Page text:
August’s Books and Crime Fiction Pick of the Month

Most of my reading time in August was taken with reading Charles Dickens’s Our Mutual Friend, but I did read 7 other books too, all 7 of them crime fiction, although you could consider Our Mutual Friend as a type of crime fiction too. They are (in the order I finished reading them):

  1.  Lord Edgware Dies by Agatha Christie
  2. Started Early, Took my Dog by Kate Atkinson
  3. Postern of Fate by Agatha Christie
  4. Guilty Consciences a collection of short stories edited by Martin Edwards
  5. A Room Full of Bones by Elly Griffiths – post to follow
  6. The Girl on the Stairs by Louise Welsh
  7. Our Mutual Friend by Charles Dickens
  8. The Old Man in the Corner by Baroness Orczy

The links are to my posts on the books.

My Crime Fiction Pick of the Month is The Girl on the Stairs by Louise Welsh. Actually with the exception of Postern of Fate and The Old Man in the Corner it’s a close call between the other books.

The Girl on the Stairs is Louise Welsh’s latest book. It’s a tense psychological thriller about Jane, who is pregnant and living in Berlin, suspicious about her neighbours, as she hears screams from the next apartment, sees shadows on the stairs and feels she is being watched. Are her suspicions justified or is she paranoid? Read more …

Kerrie has a round-up post of bloggers’ book choices for the month, so for more recommendations, go to Mysteries in Paradise.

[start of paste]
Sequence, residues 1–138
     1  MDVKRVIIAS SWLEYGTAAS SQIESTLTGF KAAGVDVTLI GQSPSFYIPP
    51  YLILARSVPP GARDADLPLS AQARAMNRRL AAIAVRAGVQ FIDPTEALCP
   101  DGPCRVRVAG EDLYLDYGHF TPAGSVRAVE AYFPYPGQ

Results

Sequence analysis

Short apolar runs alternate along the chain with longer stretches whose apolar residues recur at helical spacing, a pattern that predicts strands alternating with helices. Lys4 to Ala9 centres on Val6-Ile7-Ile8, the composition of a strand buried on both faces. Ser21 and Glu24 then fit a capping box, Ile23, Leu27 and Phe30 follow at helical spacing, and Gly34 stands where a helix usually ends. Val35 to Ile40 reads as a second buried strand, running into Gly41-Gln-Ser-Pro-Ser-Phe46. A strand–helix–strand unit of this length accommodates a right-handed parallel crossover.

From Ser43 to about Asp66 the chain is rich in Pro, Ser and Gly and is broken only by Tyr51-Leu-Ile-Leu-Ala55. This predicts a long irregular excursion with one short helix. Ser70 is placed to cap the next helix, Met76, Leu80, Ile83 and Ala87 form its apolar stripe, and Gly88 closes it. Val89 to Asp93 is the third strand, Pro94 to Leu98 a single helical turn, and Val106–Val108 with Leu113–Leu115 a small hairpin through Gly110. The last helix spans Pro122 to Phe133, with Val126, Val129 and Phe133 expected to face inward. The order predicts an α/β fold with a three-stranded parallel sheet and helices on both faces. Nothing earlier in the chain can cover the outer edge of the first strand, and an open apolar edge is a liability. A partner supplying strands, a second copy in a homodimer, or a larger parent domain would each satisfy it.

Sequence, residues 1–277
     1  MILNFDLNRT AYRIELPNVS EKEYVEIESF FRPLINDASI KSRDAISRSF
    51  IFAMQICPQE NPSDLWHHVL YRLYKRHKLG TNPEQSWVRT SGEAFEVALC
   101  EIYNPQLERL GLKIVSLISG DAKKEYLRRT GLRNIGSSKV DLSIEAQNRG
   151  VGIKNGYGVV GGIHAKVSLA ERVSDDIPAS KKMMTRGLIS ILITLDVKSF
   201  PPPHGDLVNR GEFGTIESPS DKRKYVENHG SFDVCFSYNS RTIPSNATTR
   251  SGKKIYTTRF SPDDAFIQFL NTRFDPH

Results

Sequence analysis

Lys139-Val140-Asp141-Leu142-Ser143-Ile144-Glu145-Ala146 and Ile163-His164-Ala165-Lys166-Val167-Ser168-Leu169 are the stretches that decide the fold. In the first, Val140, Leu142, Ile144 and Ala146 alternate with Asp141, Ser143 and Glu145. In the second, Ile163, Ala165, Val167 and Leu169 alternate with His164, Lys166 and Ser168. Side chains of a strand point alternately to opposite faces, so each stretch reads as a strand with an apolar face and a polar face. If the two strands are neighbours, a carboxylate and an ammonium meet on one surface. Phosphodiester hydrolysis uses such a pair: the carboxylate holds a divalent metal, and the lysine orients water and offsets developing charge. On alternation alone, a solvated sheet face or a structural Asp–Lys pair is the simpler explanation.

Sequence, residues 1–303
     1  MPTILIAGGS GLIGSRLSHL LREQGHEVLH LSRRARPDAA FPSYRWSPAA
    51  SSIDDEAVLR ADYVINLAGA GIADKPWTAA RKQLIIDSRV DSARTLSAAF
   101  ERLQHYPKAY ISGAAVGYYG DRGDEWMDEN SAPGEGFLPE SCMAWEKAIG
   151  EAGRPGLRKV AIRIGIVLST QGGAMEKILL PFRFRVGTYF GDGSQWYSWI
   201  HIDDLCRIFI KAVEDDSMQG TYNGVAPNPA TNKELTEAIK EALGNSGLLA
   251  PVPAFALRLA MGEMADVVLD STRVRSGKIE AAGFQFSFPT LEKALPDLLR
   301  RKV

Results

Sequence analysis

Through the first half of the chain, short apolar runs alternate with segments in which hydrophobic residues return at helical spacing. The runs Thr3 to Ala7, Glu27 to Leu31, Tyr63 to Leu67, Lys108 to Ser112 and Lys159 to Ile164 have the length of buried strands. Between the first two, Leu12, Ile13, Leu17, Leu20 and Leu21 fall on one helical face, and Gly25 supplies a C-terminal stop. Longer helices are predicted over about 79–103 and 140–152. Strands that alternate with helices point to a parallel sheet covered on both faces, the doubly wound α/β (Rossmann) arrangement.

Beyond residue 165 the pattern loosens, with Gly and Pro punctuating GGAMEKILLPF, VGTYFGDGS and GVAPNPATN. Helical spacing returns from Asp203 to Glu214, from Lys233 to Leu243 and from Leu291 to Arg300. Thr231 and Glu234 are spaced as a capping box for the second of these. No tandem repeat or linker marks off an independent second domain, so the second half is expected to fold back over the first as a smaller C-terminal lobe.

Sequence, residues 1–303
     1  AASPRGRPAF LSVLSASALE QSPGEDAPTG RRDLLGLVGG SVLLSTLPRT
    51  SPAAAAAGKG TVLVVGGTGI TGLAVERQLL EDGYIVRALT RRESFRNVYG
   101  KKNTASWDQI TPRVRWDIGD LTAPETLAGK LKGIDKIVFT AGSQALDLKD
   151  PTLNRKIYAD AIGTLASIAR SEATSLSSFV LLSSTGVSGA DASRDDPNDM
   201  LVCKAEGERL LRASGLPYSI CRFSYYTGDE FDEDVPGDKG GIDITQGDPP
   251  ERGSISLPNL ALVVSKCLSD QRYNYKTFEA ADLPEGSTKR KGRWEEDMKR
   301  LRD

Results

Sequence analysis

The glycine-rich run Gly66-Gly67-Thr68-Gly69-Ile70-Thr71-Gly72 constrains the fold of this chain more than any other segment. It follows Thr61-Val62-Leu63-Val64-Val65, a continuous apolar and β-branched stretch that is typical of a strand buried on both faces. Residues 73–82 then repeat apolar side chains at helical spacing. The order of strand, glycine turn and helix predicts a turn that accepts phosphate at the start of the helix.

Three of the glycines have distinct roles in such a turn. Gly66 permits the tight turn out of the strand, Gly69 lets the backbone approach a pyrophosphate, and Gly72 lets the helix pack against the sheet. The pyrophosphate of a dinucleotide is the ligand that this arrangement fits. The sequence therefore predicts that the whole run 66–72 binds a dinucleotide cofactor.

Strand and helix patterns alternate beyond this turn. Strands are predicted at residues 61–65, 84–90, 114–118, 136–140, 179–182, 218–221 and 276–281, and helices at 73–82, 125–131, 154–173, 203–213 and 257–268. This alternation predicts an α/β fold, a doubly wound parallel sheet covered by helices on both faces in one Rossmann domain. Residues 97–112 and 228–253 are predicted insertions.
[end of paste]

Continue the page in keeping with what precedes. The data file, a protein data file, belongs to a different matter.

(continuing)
4 thoughts on “August’s Books and Crime Fiction Pick of the Month”

  1. Margaret – You had some interesting choices here! And it sounds as though you chose a good ‘un as your pick of the month. I’ll be very much interested to see what you think of the Atkinson; I’m very much looking forward to your review.

    Like

  2. I haven’t read any Welsh, although I do remember someone I worked with being very excited by her first book. Have you read anything else? And if so, is this the place to start or with another novel?

    Like

    1. Alex, I’ve read two more of Louise Welsh’s books – Naming the Bones, which I wrote about here and The Cutting Room, which I read before I wrote this blog. I liked both, although they are very different, so I suppose you could start with any of them. The Cutting Room is gothic and dark about a dissolute and promiscuous auctioneer who finds a collection of photographs – disturbing photos – and he feels compelled to find out more about their deceased owner. It won the Crime Writers’ Association Creasey Dagger for the best first crime novel. Whereas Naming the Bones is a mystery concerning the death of a poet. As I read this more recently than The Cutting Room, it’s a lot clearer in my memory and maybe you could start with that one.

      Like

  3. I love ‘Our Mutual Friend’ and I think you call it crime fiction. My favourite Dickens book is ‘Bleak House’ though. I reread it every couple of years and I never want to leave that world.

    Like

Comments are closed.